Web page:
Take it or leave it.

Saturday, April 8, 2017


When I was not yet twelve, as a member of my first soccer team, I became friends with Lee Jackson. Lee, who is now an attorney in Los Angeles, used to crack me up. The kid was hilarious. Lee was white, tall and somewhat heavy-set, with sad eyes and an expressionless face. His ball-handling skills were unexceptional at best. He had an older brother from whom he probably borrowed most of his one-liners, since they were all new to me. The funniest thing about Lee was his voice. He used to talk like a kid from South Central. This was before Eminem and other white rappers made Ebonics a mark of distinction. I had never seen anything like it. The whitest kid on field opened his mouth and out came a crip! I think he got his curious twang from the music he listened to. Like Eddy Grant, whose "Electric Avenue" Lee renamed "Erection Avenue" and sung it all the way down the field, stumbling over his own two feet every step of the way. Homie got me every time.

How's that for an introduction. Yes, this is about boners. Hard-ons, or stiffies if you prefer. The anatomy of an erection is quite marvelous. Two cylinder-shaped chambers called the corpora cavernosa run the length of the penis, each with a maze of blood vessels that move blood in and out. An erection starts in your brain, usually via a visual or mental picture. I'm an ass man myself, with a vivid imagination and a penchant for fabricating very realistic scenarios involving teachers, librarians, nurses, maids, basically any woman wearing a uniform. The fantasies these stimuli engender cause your nerves to send chemical messages to the blood vessels in your penis. The arteries relax and and allow blood to flow in, while the veins close up. Blood pools in the corpora cavernosa, causing the penis to expand and become erect. Then, you ejaculate, or the desire subsides, and your penis shrinks back to normal size. The party in your pants is over.

I was reading an article in my mother's AARP magazine (target audience: senior citizens) about nocturnal penile tumescence, or a.m. erections. Older men can expect to experience a slight decrease in frequency and quality of morning erections due to a normal drop in testosterone levels, since involuntary erections, which contribute to penile health, are abetted by testosterone, and levels of this hormone diminish as men grow older. The article recommends getting testosterone levels checked and losing belly flab to naturally increase production of testosterone. But one urologist notes that as long as you feel healthy and can get an erection when you want one, a few mornings without one are probably no cause for alarm. This may however be a sign of erectile dysfunction.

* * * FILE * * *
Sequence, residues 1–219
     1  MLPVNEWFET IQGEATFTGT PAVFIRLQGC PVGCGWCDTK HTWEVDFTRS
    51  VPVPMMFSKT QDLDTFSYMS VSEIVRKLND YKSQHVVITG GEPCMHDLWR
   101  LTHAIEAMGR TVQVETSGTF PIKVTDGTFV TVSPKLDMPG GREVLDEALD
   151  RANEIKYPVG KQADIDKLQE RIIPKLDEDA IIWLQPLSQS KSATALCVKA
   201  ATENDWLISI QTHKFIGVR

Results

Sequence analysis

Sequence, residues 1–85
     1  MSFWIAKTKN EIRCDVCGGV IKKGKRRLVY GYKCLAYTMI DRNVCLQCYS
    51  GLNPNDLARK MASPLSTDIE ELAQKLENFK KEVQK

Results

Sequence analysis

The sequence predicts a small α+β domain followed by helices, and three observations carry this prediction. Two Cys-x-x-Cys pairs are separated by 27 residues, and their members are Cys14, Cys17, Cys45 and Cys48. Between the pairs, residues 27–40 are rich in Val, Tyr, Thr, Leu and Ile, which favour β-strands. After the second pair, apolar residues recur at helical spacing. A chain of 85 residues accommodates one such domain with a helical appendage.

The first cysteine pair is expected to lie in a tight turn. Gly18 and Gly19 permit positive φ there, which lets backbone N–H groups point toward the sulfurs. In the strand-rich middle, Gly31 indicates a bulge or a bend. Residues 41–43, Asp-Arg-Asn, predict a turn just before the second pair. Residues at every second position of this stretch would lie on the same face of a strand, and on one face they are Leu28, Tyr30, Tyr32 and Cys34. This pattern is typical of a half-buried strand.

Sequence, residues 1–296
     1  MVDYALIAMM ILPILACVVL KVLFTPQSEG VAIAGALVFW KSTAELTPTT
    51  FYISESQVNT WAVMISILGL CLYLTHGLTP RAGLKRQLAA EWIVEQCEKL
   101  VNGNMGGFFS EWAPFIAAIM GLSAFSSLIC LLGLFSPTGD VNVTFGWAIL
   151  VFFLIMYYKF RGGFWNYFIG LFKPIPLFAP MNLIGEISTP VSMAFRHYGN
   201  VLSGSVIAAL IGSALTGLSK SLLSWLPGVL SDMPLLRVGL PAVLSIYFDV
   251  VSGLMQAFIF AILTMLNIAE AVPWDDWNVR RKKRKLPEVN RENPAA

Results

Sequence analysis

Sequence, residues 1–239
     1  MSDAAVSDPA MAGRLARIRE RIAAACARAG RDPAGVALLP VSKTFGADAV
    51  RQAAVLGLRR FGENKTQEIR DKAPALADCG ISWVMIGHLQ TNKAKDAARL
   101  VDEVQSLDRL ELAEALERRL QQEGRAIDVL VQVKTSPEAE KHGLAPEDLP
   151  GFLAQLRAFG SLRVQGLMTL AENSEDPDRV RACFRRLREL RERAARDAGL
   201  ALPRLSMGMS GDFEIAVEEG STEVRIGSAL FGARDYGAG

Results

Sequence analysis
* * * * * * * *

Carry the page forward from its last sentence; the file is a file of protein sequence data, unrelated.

Wait a minute. If not waking up to a hard-on each morning is a problem for men in their sixties, I who am only 2/3 as old haven't woken up with a boner since I was like 18! Seriously, morning wood disappeared practically the moment I was old enough to vote. The two things are unrelated, as I've never filled in a ballot. I don't have diabetes or high blood pressure, nor is my testosterone level a concern. And I don't have a problem getting it up when I want to. Well, that's not true.

Really all erections are involuntary. Every guy knows that the moment you try to get hard you fall flaccid as a soggy french fry. It's called having stage fright. Erections are governed by the autonomic nervous system, as in not under conscious control. It is the parasympathetic arm of the autonomic nervous system that sends messages to the blood vessels surrounding the penis to engorge with blood, while the sympathetic arm controls ejaculation. Or Point and Shoot, the mnemonic used in medical school. 

With a lot of concentration you can perhaps maintain an erection to prolong the sexual experience, and possibly even delay orgasm until your lady has had hers; but for the most part, these facets of life are largely out of one's control. Unlike breathing. Bet you didn't see that coming.

Breathing is also an autonomic function. You don't have to think about inspiring air. You can even do it when you're unconscious, as while sleeping. And yet you can engage the somatic nervous system, which is under voluntary control, to modulate your respiratory rate and depth. The lungs are one of the few organs which function largely on automatic pilot but over which you can "take the wheel" if you so choose. The others that I can think of with dual innervation being parts of the digestive system, particularly the esophagus and the anus. That's thankfully where the relation ends, otherwise you'd be eating shit. OK that wasn't funny.

But when it comes to breathing, you should get behind the wheel now and then. A Science study found that the nerves that govern breathing in the brains of mice are also connected to the brain's arousal center. This means that deep breathing may make people feel calmer because it slows brain activity. Now I understand why the first step in meditation is to focus on the breath.

I also wonder if the converse is true: whether by hyperventilating you can grow more aroused. I'll try that tonight and see if tomorrow morning I wake up with a pup tent once again.

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